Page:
Holding on to Safety

Today’s post is our last post on Safety, and comes from a regular contributor Esraa Mohamed. Esraa is an Egyptian Muslim and physical therapy student with strong passion for the universe and its mysteries. Today Esraa ponders upon memories and friendships and whether holding on tightly to them, or letting them go make us feel safe.
Generally, I can’t really put down the things that make me feel safe, but I could rather elaborate on the things that give me hard time feeling secure. The 10-year-old me found safety in the materialistic existence of things and people. As a child, I never feared darkness or sleeping alone in my room. But I can vividly recall when my mum came to sleep over and how I used to embrace her belly with my little arm, checking every now and then on her breath in and out. It was as if death wouldn’t dare clench its fist through the dark while my arm is around her. As I grew older, I came to terms with the idea of death and it doesn’t freak me out anymore when people disappear in a blink.

A couple of months ago, I met a woman, a very dear soul to my heart at the hospital. We had been having physical therapy sessions twice a day for three months now, so I’m profoundly attached to her. And one day while telling her ‘good morning’, she shocked me with the question “Who are you?”. I couldn’t grasp it instantly and it took me quite some time to figure out what was going on. My eyes squinted with tears, thinking how could she possibly forget me? How things went blank out of the blue and later on I learned that she suffers from Alzheimer’s disease. Being the person who holds tightly on everything, taking photographs everywhere I go, writing diaries to archive each moment. This was total insecurity for me. How could one possibly live without memories? Who are we without memories after all?

Taking things for granted was the typical me, until one day I woke up to my passed away friend as blurred pixels. I sat at the edge of the bed trying to remember the way she looked like, trying to cling to any memory, any moment but I couldn’t. I squeezed my eyes, pressing hardly on my eyelids, trying to reconnect to anything but in vain. It was all gone and I was blank. I instantly rushed to the first piece of paper on my desk and wrote “2010: morning, feeling blank.” And since then, I’ve been obsessed with archiving every moment, every feeling. 

Losing a friend that I had taken for granted left a hole inside my soul and thus friendships became on top of the things that make me feel either secure or insecure and recently I came to the conclusion that there are two types of friends: those whom you blindly trust their leave. You feel safe because you know by heart that no matter how much life would shred you apart; you’d return back to the same point life drifted you together, smoothly as it has been before. You trust them with your place in their life, knowing that they can’t replace you by any other, so you don’t seek creating common grounds, asking about them daily and sticking to them much. Yet, the other type of friends scares the hell out of me. They give you a hard time by trusting everything. How could you possibly get more attached while their existence is a mirage? What if the common grounds came to a dead end? This love is consuming and reckless.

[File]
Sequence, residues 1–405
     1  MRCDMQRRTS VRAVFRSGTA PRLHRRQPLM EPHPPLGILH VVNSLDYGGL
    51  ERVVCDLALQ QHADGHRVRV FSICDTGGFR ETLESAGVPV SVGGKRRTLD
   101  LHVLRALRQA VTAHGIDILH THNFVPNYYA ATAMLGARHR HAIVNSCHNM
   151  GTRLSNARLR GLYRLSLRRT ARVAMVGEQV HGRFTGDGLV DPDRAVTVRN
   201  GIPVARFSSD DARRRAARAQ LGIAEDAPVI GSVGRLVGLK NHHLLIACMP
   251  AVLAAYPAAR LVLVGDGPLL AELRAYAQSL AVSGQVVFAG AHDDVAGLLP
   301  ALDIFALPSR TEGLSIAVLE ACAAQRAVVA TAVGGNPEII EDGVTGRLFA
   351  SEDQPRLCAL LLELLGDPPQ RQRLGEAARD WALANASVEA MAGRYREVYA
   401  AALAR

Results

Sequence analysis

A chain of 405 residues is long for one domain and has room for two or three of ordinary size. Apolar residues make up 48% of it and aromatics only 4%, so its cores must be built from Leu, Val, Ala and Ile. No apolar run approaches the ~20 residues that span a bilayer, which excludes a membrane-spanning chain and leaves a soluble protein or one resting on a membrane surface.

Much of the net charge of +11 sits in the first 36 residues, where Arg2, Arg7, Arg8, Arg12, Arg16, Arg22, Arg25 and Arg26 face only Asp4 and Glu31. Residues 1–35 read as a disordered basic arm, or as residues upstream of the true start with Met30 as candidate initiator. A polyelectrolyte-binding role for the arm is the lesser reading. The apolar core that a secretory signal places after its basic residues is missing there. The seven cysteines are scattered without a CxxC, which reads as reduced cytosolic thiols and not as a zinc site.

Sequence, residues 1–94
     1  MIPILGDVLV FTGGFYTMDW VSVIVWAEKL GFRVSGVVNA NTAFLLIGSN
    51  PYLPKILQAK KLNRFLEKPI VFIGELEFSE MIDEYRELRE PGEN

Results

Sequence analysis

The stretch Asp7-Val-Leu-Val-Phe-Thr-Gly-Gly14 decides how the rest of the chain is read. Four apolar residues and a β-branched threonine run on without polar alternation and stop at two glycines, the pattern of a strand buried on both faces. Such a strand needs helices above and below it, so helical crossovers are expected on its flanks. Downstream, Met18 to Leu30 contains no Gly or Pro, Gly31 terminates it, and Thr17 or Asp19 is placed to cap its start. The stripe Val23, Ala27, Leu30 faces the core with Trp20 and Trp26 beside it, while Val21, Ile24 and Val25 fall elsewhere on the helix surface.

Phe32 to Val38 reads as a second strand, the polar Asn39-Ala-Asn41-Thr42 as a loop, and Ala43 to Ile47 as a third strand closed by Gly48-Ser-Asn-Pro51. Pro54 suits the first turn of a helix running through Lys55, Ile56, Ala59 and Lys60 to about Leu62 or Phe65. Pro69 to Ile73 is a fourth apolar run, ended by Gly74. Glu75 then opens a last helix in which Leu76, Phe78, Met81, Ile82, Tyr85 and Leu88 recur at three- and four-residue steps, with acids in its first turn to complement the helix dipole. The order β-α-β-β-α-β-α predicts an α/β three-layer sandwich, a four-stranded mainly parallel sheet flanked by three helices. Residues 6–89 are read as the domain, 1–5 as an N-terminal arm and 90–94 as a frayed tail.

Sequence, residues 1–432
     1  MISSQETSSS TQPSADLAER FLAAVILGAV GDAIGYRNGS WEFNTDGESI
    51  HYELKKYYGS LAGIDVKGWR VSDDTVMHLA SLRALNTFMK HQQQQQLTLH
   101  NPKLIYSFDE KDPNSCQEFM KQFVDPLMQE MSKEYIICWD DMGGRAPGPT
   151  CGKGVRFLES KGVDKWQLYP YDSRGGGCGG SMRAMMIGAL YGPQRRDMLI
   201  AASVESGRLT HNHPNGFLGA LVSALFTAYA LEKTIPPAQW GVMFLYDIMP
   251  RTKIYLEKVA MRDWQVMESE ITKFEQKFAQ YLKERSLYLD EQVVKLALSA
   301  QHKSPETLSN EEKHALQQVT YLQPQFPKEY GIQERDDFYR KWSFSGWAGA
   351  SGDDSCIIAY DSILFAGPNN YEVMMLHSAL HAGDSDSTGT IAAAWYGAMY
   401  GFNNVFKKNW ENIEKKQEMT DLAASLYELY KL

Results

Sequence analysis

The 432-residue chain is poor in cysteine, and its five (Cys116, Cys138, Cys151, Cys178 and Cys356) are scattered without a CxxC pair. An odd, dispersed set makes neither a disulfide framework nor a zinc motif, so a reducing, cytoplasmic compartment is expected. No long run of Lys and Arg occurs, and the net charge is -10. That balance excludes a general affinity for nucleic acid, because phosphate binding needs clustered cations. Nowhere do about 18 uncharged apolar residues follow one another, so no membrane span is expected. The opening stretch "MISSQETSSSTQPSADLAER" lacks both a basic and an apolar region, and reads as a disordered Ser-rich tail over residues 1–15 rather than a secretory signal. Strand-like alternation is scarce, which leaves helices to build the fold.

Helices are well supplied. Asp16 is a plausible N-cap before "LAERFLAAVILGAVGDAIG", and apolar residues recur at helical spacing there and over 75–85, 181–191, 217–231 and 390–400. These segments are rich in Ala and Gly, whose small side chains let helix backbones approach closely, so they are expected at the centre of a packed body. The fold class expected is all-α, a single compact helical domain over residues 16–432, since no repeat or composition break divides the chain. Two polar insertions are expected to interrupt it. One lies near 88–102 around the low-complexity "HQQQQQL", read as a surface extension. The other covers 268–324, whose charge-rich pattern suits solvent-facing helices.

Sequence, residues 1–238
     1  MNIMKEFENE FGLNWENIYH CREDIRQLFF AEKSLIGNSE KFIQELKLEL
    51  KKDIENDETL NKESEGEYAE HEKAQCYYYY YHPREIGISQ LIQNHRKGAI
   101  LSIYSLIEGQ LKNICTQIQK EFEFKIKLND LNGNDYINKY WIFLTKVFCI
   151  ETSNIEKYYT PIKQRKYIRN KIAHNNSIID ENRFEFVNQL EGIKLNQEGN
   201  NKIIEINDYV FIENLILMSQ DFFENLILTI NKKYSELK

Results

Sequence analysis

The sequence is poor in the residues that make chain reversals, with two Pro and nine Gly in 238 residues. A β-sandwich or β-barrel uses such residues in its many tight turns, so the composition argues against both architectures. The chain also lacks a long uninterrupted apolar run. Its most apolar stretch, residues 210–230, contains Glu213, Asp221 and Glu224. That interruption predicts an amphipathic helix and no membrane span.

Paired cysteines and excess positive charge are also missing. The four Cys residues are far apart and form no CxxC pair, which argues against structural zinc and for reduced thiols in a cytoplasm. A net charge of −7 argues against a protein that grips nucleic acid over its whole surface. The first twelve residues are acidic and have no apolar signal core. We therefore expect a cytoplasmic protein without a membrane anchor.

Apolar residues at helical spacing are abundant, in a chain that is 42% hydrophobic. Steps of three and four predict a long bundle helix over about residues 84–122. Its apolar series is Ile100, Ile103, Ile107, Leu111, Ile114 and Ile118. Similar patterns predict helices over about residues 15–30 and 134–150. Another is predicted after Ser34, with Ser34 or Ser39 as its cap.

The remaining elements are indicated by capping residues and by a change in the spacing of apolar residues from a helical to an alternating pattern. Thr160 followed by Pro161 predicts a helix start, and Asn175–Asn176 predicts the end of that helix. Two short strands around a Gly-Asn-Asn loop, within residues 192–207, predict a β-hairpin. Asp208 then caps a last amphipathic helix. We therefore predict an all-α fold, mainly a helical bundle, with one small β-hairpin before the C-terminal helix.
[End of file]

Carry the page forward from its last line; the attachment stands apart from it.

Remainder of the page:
For me a best friend is not necessarily the one we keep in touch with or the one who’s updated by our life second by second, but he can be the one we seldom meet yet when we meet we feel no blocks between us. A best friend is the far yet so close one.

Despite all that, I felt that there could be safety in Alzheimer’s from another perspective. I started to wonder why am I holding way too much? There is safety in oblivion, in letting go, in the non-lingering momentary things, living each day with no traumatic past, in being a neutron. And now I’m just trying to find safety by letting go of the things that scare me.

Safety in the Unknown

By: Nermine Mohamed, Writing Intern 2015Venice, Interfaith, Safety

On a foggy and cloudy day, it becomes hard to see what’s ahead of us. We start to think about all the awful possibilities that could happen. I can see the gloom on everyone’s face. Where is the sun? Is it going to rain? How dangerous it is to go out in such an unclear and gloomy weather, full of hazards and risks? The unknown, the unclear makes us afraid; almost anything that we cannot predict or anticipate; darkness makes our bones creak with fear; roads and paths that we are not used to taking, that are unfamiliar to us make us panic. What if we stumbled and fell and broke our necks? What if we got lost and never found our way back? What if we were confronted – out of nowhere – with our greatest fears? What if we lost on this unclear path the important things that define who we are, the important people that make our lives worth living? What if the sun never came out? What if the pictures remained blurry? It is an endless and nerve-racking labyrinth of questions that blocks our vision and trips our steps up.

I have been on this unclear and foggy path for quite some time now. I still don’t know where I am going. I still cannot see the end of the road, only the mist and netted clouds that reach from high above; melting down to earth- that sometimes I cannot even see where I am stepping my foot. But I find safety in the unknown, in the foggy weather and its mysteries and the solitary and abandoned roads, even if my steps are slow, wobbly and unsure; even if I stop sometimes: out of fear of falling into a dark and bottomless pitfall; out of regret that I might have left and lost irreplaceable things behind; and out of shock at how the journey transformed me into a person I hardly know; a person that I’m still not sure whether I like or hate.